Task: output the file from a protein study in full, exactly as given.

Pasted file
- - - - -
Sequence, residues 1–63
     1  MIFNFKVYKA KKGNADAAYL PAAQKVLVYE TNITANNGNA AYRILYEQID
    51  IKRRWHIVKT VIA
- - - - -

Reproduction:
Sequence, residues 1–63
     1  MIFNFKVYKA KKGNADAAYL PAAQKVLVYE TNITANNGNA AYRILYEQID
    51  IKRRWHIVKT VIA